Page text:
Not getting the results you want despite exercising regularly? Make sure you’re doing enough and working at the right intensity. Here are some useful guidelines.
Many people who exercise regularly don’t always get the results they want – usually, because they are stuck in a rut with their training and following an old programme that doesn’t challenge them anymore. It could also be because they are counteracting their hard work by consuming extra calories that they aren’t burning off, that they aren’t training as regularly as they need to be, or even that they aren’t working hard enough when they do exercise.
There’s nothing more demoralising than feeling like you are doing everything you should be doing, only to find you’re not losing weight or toning up. Follow our guidelines here to ensure that every moment you spend exercising will count.
How often should I be exercising?
If your main aim is to stay healthy, the American College of Sports Medicine recommends moderate-intensity cardio of 30 minutes a day, five days a week, or vigorous, intense cardio 20 minutes a day, three days a week, plus eight to ten strength-training exercises (such as press-ups, Bodypump or lifting weights). Aim for eight to 12 repetitions of each exercise twice a week. Moderate-intensity physical activity means working hard enough to raise your heart rate and break a sweat, yet still being able to carry on a conversation with relative ease.
How often should I exercise for weight-loss?
Aim for 30 minutes of high-intensity or 45 minutes of moderate-intensity cardio exercise five times a week, e.g. running, jogging, power-walking or cycling, or try exercise classes, e.g. circuit training, kickboxing or aerobics.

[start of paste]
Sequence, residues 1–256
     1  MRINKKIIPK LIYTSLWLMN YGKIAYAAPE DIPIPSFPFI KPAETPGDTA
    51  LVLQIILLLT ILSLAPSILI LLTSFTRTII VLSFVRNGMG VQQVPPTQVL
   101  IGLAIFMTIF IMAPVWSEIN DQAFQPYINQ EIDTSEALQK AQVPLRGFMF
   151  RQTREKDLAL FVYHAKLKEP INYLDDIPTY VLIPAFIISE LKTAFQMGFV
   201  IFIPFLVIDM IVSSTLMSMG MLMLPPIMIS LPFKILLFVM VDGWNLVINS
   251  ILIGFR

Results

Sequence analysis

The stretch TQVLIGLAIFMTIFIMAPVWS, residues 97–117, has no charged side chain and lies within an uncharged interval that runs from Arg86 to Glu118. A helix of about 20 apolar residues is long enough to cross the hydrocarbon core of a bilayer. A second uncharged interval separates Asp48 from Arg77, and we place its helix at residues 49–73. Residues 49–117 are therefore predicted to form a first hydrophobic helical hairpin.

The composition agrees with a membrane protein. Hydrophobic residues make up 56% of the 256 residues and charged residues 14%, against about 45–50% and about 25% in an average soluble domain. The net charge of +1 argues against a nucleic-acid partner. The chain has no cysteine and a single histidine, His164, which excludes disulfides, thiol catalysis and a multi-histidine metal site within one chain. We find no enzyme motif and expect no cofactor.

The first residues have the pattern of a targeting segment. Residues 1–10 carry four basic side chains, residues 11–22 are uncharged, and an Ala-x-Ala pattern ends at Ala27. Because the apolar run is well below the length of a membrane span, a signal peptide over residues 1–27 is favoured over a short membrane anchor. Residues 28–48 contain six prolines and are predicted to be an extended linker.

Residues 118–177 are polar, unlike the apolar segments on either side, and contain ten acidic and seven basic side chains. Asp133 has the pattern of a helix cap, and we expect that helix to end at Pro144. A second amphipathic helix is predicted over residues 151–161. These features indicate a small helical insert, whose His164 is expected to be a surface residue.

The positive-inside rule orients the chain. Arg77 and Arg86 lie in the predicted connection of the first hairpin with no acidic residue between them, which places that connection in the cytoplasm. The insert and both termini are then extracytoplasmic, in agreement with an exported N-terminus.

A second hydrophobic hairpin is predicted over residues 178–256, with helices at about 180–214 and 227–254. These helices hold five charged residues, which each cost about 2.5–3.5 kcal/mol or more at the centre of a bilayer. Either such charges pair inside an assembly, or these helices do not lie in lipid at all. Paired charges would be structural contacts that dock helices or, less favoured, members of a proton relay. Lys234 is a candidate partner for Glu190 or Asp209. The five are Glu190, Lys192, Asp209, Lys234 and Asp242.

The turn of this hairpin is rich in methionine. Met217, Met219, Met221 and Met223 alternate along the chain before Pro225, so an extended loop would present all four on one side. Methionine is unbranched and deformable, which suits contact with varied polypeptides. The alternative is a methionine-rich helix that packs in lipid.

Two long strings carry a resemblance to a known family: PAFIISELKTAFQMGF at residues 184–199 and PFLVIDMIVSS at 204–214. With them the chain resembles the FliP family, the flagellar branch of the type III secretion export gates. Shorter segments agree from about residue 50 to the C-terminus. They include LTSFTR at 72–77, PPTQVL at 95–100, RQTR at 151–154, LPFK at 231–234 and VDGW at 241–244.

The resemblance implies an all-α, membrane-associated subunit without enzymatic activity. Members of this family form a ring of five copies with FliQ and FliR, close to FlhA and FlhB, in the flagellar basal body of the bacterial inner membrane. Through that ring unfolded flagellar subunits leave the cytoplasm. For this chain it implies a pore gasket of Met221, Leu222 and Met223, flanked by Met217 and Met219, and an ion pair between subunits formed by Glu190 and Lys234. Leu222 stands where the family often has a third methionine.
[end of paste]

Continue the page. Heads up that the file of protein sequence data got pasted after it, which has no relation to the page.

How hard should I work during my cardio sessions?
Interval training is the best way to maximise your results. This means that you have to change the intensity during your workout between low intensity (training at about 50 per cent of your maximum heart rate), moderate (training at about 70 per cent of your MHR) and high (training at about 80 per cent of your MHR). To determine your maximum heart rate (MHR) and your training intensity, use the following formulas:
Maximum heart rate =
206 – 88 per cent of age
For example, a 30-year-old will have a maximum heart rate of 88 per cent of 30 years = 26.4
206 – 26.4 = 179.6, or 180bpm
Fitter individuals use:
205 – 50 per cent of age
For example, a fitter 30-year-old will have a maximum heart rate of 50 per cent of 30 years = 15
205 – 15 = 190bpm
Alternating between low, moderate and high intensities allows you to work hard for short periods of time, as this will increase your calorie usage. As a beginner, alternate your intensity between low (50 per cent of MHR) and moderate (70 per cent of MHR) intensity. As your fitness levels improve, increase your sprint intensity to your high-intensity heart rate (80 per cent of MHR).
What type of cardio exercise is best?
Exercise that makes use of large muscle groups, such as running, cycling or swimming, is best. It takes about six weeks for your body to adapt to a routine, so after that, either change the frequency you exercise, the intensity of your exercise, the time you exercise for, or the type of exercise.
Should I split up my sessions?
If time isn’t an issue, you may find that you can have a better cardio session if you focus on it solely in one session, and the same applies to weights. However, if you are simply looking to burn some calories and tone up, but you’re short of time, you should be able to do both weights and cardio in one session. If you do weights first, you could do one set on a certain machine and then move on to another without stopping and then repeat the circuit.
Calories burned during 30 minutes of exercise
Walking, 2mph slow pace 85
Walking, 3-5mph, uphill 204
Running, 6mph, 10-minute mile 340
Cycling, 10-12mph 204
Aerobics, low impact 169
Aerobics, high impact 238
Swimming, moderate effort 271
Swimming, vigorous effort 340